All this prosperity, though, won't happen for the current poorest countries without at least one other vital change - the end of political corruption and oppression. It doesn't take a genius to work out that when a dictator or political party wins a huge majority in a country in which they are vastly unpopular there is corruption at the heart of it. And, of course, if you are a political oppressor running a nation it's no use pillaging a country to its total demise. That is to say, if these dictators are to exploit their citizens and take a proportion of their earnings, they need to keep them at a level that doesn't destroy the economy but keeps everyone poor enough and regulated enough so that they lack the powers to engender revolutionary changes.

It's easy to see why such an effect keeps people poor. Under such a tyrannical regime, there is little incentive to innovate or progress when the State takes much of your earnings and fails to protect your basic human rights. It is the kleptocratic people in charge that keep their citizens in their plight and deny them the ability to trade properly. Prosperous countries begin to be prosperous when the conditions facilitate it - and those conditions rely on people taking actions that benefit others, not just themselves – namely through the vehicle of free trade. Citizens that are forced by their corrupt State to practice the kind of self-interest that only has negative effects on other citizens (directly or indirectly) are going to find it difficult to climb out of their poverty trap.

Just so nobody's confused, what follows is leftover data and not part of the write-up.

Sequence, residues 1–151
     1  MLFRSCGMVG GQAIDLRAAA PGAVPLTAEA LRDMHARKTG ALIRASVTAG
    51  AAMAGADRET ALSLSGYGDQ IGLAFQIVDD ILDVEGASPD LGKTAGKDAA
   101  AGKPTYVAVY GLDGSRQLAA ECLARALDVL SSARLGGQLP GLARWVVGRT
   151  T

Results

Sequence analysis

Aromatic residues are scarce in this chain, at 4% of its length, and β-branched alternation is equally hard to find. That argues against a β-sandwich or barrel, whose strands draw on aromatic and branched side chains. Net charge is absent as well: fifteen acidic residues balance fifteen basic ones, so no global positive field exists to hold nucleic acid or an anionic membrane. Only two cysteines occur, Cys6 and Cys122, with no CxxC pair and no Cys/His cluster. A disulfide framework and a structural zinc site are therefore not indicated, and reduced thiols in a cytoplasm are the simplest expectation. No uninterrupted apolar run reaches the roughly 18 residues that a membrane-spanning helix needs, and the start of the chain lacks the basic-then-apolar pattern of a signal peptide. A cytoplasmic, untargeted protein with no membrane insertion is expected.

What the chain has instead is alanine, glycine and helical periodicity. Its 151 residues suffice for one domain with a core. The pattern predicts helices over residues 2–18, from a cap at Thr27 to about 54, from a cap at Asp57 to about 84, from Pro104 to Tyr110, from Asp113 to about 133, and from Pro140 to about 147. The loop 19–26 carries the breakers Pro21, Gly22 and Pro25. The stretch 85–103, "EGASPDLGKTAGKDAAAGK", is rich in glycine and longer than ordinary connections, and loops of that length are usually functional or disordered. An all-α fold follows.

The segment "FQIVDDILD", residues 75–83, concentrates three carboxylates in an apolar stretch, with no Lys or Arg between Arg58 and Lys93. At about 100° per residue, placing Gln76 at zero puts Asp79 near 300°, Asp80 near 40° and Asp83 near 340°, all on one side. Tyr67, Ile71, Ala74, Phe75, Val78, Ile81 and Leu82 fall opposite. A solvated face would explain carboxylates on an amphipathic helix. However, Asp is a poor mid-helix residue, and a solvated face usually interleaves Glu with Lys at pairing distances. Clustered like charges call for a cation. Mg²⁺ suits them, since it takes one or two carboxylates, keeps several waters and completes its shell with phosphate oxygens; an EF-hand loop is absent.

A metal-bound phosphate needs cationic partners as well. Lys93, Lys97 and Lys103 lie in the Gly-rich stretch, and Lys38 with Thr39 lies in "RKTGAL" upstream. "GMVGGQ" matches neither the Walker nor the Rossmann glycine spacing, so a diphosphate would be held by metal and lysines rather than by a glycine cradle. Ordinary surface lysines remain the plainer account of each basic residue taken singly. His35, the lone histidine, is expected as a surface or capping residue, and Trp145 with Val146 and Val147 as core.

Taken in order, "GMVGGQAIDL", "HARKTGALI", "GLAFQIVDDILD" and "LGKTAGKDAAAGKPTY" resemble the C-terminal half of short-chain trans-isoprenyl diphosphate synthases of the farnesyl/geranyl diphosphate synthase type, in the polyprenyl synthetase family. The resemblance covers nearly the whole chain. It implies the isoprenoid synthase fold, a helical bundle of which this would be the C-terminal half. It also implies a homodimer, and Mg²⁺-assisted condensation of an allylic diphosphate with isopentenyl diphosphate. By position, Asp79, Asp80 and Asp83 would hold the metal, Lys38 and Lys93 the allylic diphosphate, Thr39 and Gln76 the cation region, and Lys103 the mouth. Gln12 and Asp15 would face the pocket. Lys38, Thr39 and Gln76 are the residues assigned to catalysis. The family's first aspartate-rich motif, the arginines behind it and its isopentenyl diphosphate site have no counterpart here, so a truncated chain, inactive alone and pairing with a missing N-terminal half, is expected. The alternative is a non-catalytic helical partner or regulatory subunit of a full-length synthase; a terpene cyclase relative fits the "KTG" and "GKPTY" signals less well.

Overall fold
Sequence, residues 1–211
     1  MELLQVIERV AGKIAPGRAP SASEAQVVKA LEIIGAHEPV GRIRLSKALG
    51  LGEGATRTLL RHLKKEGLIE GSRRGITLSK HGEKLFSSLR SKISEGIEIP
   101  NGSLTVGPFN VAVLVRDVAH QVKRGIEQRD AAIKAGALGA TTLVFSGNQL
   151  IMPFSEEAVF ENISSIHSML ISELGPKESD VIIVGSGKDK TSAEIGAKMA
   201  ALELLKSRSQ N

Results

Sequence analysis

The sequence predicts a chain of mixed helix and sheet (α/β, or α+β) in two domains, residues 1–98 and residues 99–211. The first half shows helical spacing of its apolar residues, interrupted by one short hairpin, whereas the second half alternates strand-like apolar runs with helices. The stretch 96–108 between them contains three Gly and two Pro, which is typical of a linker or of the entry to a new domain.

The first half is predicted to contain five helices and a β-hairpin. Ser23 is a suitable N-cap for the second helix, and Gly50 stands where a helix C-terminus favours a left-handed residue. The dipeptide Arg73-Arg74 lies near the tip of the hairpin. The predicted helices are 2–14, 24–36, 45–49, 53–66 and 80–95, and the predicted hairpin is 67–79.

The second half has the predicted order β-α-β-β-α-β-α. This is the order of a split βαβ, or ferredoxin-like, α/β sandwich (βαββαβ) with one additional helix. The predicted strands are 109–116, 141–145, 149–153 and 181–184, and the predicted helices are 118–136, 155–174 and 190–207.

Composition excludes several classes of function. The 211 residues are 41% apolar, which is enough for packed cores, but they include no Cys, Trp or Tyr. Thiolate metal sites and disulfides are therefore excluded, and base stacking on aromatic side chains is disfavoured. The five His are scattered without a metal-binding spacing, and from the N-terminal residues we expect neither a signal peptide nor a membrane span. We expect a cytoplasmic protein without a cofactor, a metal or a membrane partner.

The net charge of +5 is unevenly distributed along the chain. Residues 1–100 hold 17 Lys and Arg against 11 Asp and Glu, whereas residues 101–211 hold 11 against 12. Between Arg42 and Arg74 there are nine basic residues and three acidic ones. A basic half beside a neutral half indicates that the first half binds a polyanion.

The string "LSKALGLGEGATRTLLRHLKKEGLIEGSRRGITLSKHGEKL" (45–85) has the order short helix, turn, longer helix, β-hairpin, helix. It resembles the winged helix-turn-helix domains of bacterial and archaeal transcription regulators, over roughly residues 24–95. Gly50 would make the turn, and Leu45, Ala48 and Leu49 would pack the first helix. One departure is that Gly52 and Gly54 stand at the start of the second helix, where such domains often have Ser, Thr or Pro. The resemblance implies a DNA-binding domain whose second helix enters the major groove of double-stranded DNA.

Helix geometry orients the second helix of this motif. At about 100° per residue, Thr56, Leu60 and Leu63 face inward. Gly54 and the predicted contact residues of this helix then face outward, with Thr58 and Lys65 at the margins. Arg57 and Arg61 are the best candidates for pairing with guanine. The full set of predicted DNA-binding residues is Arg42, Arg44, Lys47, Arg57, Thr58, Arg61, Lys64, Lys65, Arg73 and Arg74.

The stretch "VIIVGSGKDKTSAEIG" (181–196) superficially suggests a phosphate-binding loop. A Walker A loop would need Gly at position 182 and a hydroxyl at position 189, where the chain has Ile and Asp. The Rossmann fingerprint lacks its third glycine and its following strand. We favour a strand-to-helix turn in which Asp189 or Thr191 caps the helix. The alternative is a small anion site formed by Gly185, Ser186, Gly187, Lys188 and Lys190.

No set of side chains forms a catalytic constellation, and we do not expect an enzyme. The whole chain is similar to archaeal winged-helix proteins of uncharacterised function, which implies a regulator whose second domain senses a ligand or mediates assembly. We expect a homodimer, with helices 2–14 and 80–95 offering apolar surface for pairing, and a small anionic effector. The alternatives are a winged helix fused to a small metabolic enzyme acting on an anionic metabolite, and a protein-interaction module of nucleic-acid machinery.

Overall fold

Given the foregoing analysis, it's not hard to believe the contentions that much of the aid money that went to Ethiopia in the mid-1980s was used to entrap starving citizens into state camps, from where over half a million were said to have been deported and where tens (probably hundreds) of thousands are thought to have died. How much of Somalia's, Uganda's and Zimbabwe's aid finds its way into the hands of corrupt officials and warlords? It wouldn't be surprising to find out that the answer is the vast majority. Thus the onus is on us to research well and ensure that the charities to whom we choose to give are ones that are going to do the most good

It was primarily trade that made the Western world prosperous, and it will be, and is, primarily trade that lifts Africa out of poverty. The forecast for Africa looks brighter with every passing decade – and what will expedite this process is a reversal of the things that have retarded the continent for so long, namely the engendering of more stable governments, the lifting of trade restrictions, and the improved ability for Africa to compete more propitiously in the global market economy.